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The problem is not Netanyahu; it's the US and Israel's special relationship

Not for the first time the Obama administration and the Israeli government have been hanging out their dirty linen in public. On the face of it, the Americans are said to be livid with Prime Minister Benyamin Netanyahu's illegal settlement expansion in Jerusalem. The problem, however, runs much deeper.

While the Israelis try to explain the crisis as simply bad chemistry between Netanyahu and Obama, at the heart of it is the 'special relationship' to which the Americans have irrevocably wedded themselves.

The fault-lines in this curious relationship are never far below the surface. They are a constant source of tension and embarrassment for the Americans because they cannot reconcile their international drum beat for human rights and democracy with bank-rolling Israel's subjugation of the Palestinian people.

So how did the world's dominant super-power find itself in this mess; where it blindly follows, often against its proclaimed laws and values, the whims of a client state that is unapologetically racist?

Last month, Israel's President Reuven Rivlin decried the increasing wave of racism and violence against Arab Israelis in the self-styled Jewish state. Addressing the Israeli Bar Association in occupied Jerusalem he said:

"We are fools to make such irresponsible statements or to remain silent about them. Hateful calls of 'Death to Arabs' were not spray-painted on neglected walls in the dead of night, but spoken loudly and clearly, in the light of day."

Surely the authors of the American constitution, and the patriots who died for its independence, would have regarded support for such indignities as a betrayal of all that they stood for.

Ever since Netanyahu announced his plan to construct an additional 1,060 housing units in Jerusalem, relations with Washington have gone from bad to worse. It became all too apparent during Israel's Security Minister Moshe Ya'alon's recent visit to the US. Despite strenuous efforts, he was denied meetings with senior US officials.

In public, both sides have been at pains to limit the damage. While the Israelis claim that the real target of the snub was not Yaalon per se but Prime Minister Netanyahu, the Americans, on their part, were equally quick to plaster the sore.

On Wednesday, the Obama administration dutifully distanced itself from a media report that described Israel's prime minister in stridently 'undiplomatic' language. The report by the Atlantic's Jeffrey Goldberg quoted an unnamed US official who described Netanyahu as "a chickenshit".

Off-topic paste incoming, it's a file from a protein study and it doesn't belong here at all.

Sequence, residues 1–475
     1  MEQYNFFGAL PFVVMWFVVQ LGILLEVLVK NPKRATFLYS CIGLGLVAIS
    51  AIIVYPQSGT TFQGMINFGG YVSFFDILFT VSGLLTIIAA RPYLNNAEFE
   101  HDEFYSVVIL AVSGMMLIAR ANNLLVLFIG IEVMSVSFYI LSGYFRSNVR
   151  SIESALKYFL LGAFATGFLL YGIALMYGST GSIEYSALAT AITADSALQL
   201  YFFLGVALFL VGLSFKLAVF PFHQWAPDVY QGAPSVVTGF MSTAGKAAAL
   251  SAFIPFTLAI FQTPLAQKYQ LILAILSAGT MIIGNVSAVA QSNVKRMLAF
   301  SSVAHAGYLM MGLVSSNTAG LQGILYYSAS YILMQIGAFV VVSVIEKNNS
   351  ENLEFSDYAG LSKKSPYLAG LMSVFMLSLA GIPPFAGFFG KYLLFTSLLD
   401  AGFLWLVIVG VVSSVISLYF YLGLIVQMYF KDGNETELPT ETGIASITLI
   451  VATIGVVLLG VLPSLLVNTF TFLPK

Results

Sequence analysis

Predictably, the White House Press Secretary Josh Earnest made the public believe all is well. While admitting that differences currently exist, he asserted that relations with Israel are "as strong as ever". Short of making a full-blown apology, Earnest denied that the unnamed official's views were indicative of those of the administration.

As an individual, Netanyahu may have appeared spineless; he has on countless occasions pandered to the demands of the settlers in order to save his political career. However, on balance, it must be said that Israeli officials are never afraid to criticise and even rebuke US officials; whether they be Secretary of State or the President. On the other hand, it is the Americans who have demonstrated a penchant for ambiguity and making statements under the cover of anonymity.

Ultimately, Israel will be the loser from this current spat. Americans, it seems, are growing increasingly tired and fed up with the bizarre relationship in a case of the tail wagging the dog. It is one that is certainly not good for their image, and highly detrimental to their international interests.

As it struggles to secure its share of global markets, investments and resources, America can ill-afford to be seen as being a purveyor of injustice. For fear of being seen as guilty by association European countries are today lining up to recognise the state of Palestine, in spite of US-Israeli opposition and rhetoric about the peace process.

Danny Ayalon, the Israeli diplomat and former deputy foreign minister admitted that the growing crisis in relations with Washington is threatening Israel's interests. He explained that:

"There is no doubt that there is a very bad thing happening at the level of relations between Israel and the US… When the relations become really bad, they would certainly have significant repercussions, and could shake the American public opinion out of favour with Israel."

In due course, Benyamin Netanyahu will leave office, but America's problems with Israel will persist. That is because his successor will, almost inevitably, be even more extreme and derisive of international norms. No president after Obama, however sympathetic, would be able to convince the American people that they must prop-up a 21st century colonial enterprise. It runs contrary to their beliefs, their ethos and their history.

Furthermore, with all that is happening in Syria and Iraq, the last thing Americans want is to become entangled in a religious war, the type of which Israel is dragging them towards. Israel's attempt to seize Al Aqsa Mosque, the third most sacred Muslim site, will lead to unimaginable consequences that would make Iraq, Afghanistan and Syria all look like a picnic in the park. An honest and dispassionate reappraisal of the special relationship may just prevent that from happening.

The views expressed in this article belong to the author and do not necessarily reflect the editorial policy of Middle East Monitor.

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